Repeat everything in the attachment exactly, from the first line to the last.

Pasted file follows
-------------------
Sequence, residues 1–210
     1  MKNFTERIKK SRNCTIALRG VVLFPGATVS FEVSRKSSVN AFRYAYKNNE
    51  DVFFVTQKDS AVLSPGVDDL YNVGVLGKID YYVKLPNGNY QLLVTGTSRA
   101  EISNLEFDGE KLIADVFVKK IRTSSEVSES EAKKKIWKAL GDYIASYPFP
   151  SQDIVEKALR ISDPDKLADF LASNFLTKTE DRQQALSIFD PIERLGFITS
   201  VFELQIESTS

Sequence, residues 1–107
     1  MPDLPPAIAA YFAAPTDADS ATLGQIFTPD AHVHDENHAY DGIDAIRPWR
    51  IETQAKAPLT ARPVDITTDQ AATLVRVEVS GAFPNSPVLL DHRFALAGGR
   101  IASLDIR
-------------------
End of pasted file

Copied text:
Sequence, residues 1–210
     1  MKNFTERIKK SRNCTIALRG VVLFPGATVS FEVSRKSSVN AFRYAYKNNE
    51  DVFFVTQKDS AVLSPGVDDL YNVGVLGKID YYVKLPNGNY QLLVTGTSRA
   101  EISNLEFDGE KLIADVFVKK IRTSSEVSES EAKKKIWKAL GDYIASYPFP
   151  SQDIVEKALR ISDPDKLADF LASNFLTKTE DRQQALSIFD PIERLGFITS
   201  VFELQIESTS

Sequence, residues 1–107
     1  MPDLPPAIAA YFAAPTDADS ATLGQIFTPD AHVHDENHAY DGIDAIRPWR
    51  IETQAKAPLT ARPVDITTDQ AATLVRVEVS GAFPNSPVLL DHRFALAGGR
   101  IASLDIR